4. Thank the staff at the end of your shift: this one takes only a couple of minutes but really leaves good feelings in your wake as you leave. No one in the ED ever gets enough appreciation for their efforts, and if you can be specific around particularly good work, you will reinforce the best in your staff. Remember, these folks help you earn your living.
5. Always read the Discharge summary of every patient you admit: emergency medicine suffers from one particularly vexing problem that makes it difficult to excel as a healer – the lack of feedback and follow up on the care you provide. How do you get really good at managing septic shock if you rarely get to see the patient the day after admission? How many surgeons remember to tell you the outcome of the surgery for possible appendicitis? Ideally, your hospital should arrange to get you access to the discharge summary of every patient you admit, either on paper or electronically. If not, find a way to make this happen; it is well worth the trouble.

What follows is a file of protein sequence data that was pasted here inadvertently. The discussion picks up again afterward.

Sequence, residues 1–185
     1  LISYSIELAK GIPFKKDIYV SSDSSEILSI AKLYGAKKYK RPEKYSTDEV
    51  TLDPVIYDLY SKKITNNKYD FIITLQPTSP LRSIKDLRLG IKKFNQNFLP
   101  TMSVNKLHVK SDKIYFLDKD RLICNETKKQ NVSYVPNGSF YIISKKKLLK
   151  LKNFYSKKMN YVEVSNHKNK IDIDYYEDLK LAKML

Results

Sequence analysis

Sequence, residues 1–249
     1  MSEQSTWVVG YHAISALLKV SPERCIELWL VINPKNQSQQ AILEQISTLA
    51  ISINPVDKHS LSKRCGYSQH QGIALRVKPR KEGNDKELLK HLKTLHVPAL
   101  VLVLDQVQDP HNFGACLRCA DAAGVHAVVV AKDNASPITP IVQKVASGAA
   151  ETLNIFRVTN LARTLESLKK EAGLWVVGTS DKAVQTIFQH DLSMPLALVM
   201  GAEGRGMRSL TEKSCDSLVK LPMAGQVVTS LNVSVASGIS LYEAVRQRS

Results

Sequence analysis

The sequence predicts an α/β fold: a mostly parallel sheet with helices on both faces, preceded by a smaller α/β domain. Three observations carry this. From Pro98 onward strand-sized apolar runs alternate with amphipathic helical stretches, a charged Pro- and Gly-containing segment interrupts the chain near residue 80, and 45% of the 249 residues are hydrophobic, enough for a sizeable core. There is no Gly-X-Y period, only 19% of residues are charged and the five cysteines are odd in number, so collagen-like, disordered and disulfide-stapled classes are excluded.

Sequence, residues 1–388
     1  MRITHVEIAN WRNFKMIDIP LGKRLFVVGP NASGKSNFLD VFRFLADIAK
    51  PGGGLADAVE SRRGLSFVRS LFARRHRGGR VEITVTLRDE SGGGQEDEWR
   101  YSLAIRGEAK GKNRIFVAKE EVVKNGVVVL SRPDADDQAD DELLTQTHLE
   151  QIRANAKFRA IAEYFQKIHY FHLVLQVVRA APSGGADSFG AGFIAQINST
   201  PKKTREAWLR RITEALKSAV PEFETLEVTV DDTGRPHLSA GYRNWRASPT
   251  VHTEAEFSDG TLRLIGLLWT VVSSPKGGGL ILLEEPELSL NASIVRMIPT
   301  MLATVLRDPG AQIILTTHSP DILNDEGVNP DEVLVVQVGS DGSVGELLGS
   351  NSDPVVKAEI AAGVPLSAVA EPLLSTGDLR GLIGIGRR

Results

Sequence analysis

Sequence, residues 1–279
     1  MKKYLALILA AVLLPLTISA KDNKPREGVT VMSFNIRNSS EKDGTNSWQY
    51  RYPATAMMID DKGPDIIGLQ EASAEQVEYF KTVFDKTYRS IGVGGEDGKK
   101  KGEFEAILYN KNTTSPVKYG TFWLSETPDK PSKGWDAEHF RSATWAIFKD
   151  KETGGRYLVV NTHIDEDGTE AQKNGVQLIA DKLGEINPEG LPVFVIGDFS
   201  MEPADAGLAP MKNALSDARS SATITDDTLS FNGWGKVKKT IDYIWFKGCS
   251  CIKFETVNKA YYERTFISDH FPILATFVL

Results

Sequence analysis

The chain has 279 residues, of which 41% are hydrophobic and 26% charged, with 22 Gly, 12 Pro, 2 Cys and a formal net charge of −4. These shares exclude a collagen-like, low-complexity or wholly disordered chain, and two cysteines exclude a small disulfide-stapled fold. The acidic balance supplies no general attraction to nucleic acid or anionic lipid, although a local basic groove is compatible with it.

6. Always thank the paramedic: a simple idea that I needed to really try harder to do. Their jobs are at times very difficult, and let’s remember that it’s not hard to triage the paying customers somewhere else. These folks are part of the team as well, and deserve to be acknowledged for their contributions.
7. Don’t bitch about it, fix it: so you have two options – you can gripe about the file cabinet that never has the special forms you need when you look for them, or you can find a way to get all those forms scanned or copied electronically so you can print one out from an indexed computer file whenever you need one. The most vexing issues in the ED are usually systems or operational issues that typically would be easy to fix if someone in your department took the time to straighten them out. If you are counting on your medical director or the nurse manager to take care of these issues, they may never get around to it because the list is probably longer than your arm. Do yourself and everyone else a favor and grease the wheels of your ED on your own initiative. Be part of the solution.